Gone Outdoors

How to Identify a Large Black Snake in South Carolina

by Kathy Imbriani

Snakes suffer an undeserved reputation as dangerous, stealthy creatures when in reality most are harmless and wish only to be left alone. In South Carolina, several types of black snake or snakes that have dark markings are likely to be encountered: the black racer, black rat snake, eastern kingsnake, eastern hognose snake and the eastern coachwhip snake. None of these snakes are venomous.

Take a good look at the width and length of the body. Black racers are slim, sleek snakes from 3 to 6 feet long. Black rat snakes are longer and slim ranging from 3 to 8 feet. The eastern hognose snake has a thick, chunky body and rarely gets over 4 feet in length. The slim eastern kingsnake can grow to lengths of 7 feet. The eastern coachwhip snake resembles a long, slim whip averaging 4 to 5 feet.

Check the size and shape of the head. Black racers have small, narrow heads as do eastern coachwhip snakes. Black rat snakes and kingsnakes have average sized heads with no hint of the triangular shape common to venomous snakes. Hognose snakes have a very distinctive, blunted snout that tips slightly upwards and a wide neck.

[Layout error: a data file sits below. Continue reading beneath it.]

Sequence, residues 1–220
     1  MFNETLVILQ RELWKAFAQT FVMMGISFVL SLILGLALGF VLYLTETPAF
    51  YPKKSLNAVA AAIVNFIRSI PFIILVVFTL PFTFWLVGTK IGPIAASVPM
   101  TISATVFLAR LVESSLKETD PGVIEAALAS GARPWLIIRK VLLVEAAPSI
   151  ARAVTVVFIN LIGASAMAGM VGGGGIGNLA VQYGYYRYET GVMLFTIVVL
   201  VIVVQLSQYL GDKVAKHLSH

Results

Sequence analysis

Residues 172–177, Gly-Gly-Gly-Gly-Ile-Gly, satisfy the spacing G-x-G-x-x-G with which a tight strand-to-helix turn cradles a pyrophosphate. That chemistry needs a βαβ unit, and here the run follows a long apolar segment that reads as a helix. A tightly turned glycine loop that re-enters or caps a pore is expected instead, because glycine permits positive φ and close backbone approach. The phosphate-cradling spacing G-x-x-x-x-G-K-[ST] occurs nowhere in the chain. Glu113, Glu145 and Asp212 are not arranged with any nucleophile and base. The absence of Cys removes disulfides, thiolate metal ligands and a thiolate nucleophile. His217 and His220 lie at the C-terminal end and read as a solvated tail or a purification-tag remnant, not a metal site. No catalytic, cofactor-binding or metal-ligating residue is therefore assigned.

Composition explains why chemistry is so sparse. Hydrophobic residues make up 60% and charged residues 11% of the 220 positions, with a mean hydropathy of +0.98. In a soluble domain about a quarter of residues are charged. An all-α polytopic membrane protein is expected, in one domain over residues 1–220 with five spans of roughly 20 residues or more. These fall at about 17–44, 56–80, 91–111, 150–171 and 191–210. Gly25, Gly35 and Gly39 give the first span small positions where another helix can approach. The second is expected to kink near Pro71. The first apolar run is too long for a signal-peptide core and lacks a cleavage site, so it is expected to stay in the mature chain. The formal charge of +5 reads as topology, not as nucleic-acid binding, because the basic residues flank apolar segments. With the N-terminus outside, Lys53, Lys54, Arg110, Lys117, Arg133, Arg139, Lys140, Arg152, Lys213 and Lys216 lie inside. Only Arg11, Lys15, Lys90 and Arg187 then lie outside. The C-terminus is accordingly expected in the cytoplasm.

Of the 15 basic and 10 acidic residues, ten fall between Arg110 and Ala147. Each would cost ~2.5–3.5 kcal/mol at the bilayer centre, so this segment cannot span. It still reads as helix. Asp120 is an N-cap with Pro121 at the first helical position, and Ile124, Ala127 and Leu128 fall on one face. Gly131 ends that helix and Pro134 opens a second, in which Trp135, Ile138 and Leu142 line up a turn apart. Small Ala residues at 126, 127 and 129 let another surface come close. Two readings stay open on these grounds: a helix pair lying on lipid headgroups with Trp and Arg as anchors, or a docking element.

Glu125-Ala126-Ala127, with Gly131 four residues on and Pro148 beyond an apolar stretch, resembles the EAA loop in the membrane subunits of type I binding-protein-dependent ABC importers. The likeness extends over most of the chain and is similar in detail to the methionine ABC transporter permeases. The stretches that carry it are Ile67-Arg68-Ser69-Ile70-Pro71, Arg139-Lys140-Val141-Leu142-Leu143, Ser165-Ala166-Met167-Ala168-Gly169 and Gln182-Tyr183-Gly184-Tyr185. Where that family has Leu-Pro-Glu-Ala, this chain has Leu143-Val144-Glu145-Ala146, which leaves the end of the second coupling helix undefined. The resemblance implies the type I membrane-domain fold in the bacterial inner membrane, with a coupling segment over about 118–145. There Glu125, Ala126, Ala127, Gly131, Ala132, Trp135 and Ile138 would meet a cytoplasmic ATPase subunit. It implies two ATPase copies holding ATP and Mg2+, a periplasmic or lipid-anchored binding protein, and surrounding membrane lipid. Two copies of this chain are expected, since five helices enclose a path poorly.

Notice body markings, if present. Black racers are typically black but can be blue, brown or greenish on the upper part of their body with white, yellow or dark gray on their undersides. Black rat snakes have a black and white checkered belly and a black underside to their tail. Hognose snakes can be yellow, tan, brown, gray or reddish as well as black. Their bellies are mottled and the underside of their tails is conspicuously lighter than their bellies. Eastern kingsnakes are shiny black with small light dots of white forming a faint crosslink pattern on their backs. Eastern coachwhip snakes are unique as their colorations transition from charcoal black over the first half of their bodies to tan near the tail.

Observe the snake's behavior. Black racers are quick, agile snakes and will disappear from sight in seconds when disturbed. Black rat snakes are less likely to hurry away and are skillful climbers. Eastern kingsnakes are most active in the early morning or near dusk and are shy when approached. Hognose snakes, often called puff or spreading adders, will hood or spread their necks, hiss, inflate their bodies and sometimes lunge toward a perceived enemy. If this act fails to discourage a would-be assailant, the snake will roll over and play dead, mouth agape and tongue hanging out. Eastern coachwhip snakes are shy like black racers and will quickly retreat when disturbed but will coil and sometimes strike at the face of an enemy.


  • Always approach any snake with caution and respect, no matter how sure you are of your identification. Snakes are valuable members of any ecology and are best left alone.


About the Author

Kathy Imbriani's love of gardening grew from a childhood spent on the family farm. She is the co-author of two gardening books and numerous articles on science and gardening subjects. Imbriani holds a Bachelor of Science in horticulture from North Carolina State University.

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